Background: Tuberculous meningitis (TbM) is the most severe complication of extra
pulmonary tuberculosis (Tb). There is a higher frequency of positive cerebrospinal fluid (CSF) cultures
for Mycobacterium tuberculosis (MTb) in samples from human immunodeficiency virus
(HIV) co-infected patients than in those from HIV-negative patients. We hypothesized that real
time PCR assays for MTb (MTb qPCR) using CSF would be more sensitive in HIV co-infected patients
owing to a greater MTb burden. The present study aimed to verify the diagnostic performance
of MTb qPCR in CSF of TbM patients who either were co-infected with HIV or were HIVnegative.
Methods: A total of 334 consecutive participants with suspected TbM were divided into two
groups: HIV co-infected and HIV-negative; each group was categorized into definite TbM, probable
TbM, possible TbM, and TbM-negative subgroups based on clinical, laboratory and imaging
data. We evaluated the diagnostic characteristics of MTb qPCR analysis to detect TbM in CSF by
comparing the results to those obtained for definite TbM (i.e., positive MTb culture) and/or probable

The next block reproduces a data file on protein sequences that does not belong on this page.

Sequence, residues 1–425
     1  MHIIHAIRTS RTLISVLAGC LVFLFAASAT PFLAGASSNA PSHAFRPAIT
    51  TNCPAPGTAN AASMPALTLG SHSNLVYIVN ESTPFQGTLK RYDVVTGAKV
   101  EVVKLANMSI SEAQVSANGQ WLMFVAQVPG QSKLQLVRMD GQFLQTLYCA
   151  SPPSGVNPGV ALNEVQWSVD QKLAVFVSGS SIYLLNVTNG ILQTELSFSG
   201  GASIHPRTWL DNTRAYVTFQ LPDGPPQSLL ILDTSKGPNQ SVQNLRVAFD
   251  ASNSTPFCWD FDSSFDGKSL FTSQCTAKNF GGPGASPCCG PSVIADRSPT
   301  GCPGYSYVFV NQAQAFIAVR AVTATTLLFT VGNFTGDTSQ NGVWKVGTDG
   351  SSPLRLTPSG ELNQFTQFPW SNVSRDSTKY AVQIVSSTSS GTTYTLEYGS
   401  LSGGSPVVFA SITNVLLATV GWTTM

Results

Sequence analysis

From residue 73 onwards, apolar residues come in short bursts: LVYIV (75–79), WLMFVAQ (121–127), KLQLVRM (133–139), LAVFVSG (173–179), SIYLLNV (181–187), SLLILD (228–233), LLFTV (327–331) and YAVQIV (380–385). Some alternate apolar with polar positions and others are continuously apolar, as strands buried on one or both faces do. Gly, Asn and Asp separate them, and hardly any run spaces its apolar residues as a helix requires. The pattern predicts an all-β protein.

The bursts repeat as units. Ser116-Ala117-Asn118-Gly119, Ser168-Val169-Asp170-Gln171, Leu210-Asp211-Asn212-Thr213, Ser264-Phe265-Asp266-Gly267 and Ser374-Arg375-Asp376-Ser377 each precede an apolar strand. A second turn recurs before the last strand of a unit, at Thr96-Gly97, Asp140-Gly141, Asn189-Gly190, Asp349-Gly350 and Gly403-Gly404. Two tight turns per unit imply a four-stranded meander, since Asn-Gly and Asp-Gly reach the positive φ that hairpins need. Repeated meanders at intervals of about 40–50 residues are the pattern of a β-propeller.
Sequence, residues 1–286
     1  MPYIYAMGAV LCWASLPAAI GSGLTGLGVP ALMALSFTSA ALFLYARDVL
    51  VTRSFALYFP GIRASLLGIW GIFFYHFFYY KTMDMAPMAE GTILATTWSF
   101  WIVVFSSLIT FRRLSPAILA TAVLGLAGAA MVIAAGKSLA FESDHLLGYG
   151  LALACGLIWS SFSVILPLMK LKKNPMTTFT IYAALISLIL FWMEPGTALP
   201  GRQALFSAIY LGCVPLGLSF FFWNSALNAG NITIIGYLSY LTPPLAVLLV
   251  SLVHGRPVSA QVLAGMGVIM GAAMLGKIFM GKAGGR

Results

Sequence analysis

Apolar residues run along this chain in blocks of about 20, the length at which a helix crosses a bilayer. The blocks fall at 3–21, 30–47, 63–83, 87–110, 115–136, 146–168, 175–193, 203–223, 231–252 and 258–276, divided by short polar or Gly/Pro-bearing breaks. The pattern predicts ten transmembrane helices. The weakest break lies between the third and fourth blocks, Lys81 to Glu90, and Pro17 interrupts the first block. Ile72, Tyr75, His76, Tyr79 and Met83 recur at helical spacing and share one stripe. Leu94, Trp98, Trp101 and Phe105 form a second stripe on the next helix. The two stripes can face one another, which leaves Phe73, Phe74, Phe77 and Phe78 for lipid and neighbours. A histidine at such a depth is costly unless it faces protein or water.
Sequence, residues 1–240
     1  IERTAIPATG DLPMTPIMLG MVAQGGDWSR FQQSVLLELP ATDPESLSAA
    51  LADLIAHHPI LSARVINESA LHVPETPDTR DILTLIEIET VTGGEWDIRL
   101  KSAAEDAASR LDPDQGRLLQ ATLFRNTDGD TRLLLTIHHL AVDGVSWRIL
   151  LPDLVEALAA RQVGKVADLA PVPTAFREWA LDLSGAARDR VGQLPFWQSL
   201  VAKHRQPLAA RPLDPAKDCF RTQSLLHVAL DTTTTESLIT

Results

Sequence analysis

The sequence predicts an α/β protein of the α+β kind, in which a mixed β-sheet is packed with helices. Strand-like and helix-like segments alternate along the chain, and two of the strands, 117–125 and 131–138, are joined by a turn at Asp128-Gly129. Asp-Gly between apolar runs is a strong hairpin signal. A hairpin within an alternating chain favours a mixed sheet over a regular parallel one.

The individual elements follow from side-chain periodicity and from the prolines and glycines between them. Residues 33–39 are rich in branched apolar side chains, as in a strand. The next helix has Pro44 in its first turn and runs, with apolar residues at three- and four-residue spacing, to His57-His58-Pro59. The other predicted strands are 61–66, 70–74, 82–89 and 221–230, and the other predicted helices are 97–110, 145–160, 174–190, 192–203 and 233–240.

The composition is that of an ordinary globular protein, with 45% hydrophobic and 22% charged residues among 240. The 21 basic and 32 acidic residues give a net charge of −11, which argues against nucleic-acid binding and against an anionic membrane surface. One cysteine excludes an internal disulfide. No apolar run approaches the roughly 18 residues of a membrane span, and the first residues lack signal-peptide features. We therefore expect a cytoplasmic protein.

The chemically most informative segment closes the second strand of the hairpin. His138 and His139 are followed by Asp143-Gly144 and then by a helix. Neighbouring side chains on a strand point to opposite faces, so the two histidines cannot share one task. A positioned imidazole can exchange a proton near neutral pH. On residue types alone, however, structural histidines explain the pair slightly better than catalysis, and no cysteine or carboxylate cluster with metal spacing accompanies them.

TbM in CSF, as gold standard.
Results: The sensitivity of MTb qPCR in the definite and probable subgroups of the HIV coinfected
participants (n = 14) was 35.7%, with a specificity of 93.8%, negative predictive value
(NPV) of 94.4%, and negative clinical utility index (CUI−) of 0.89. Results of the HIV-negative
group (n = 7) showed lower sensitivity (14.3%) and similar specificity, NPV, and CUI−.
Conclusion: The findings confirmed our hypothesis, despite the low sensitivity. MTb qPCR may
significantly contribute to diagnosis when associated with clinical criteria and complementary examinations.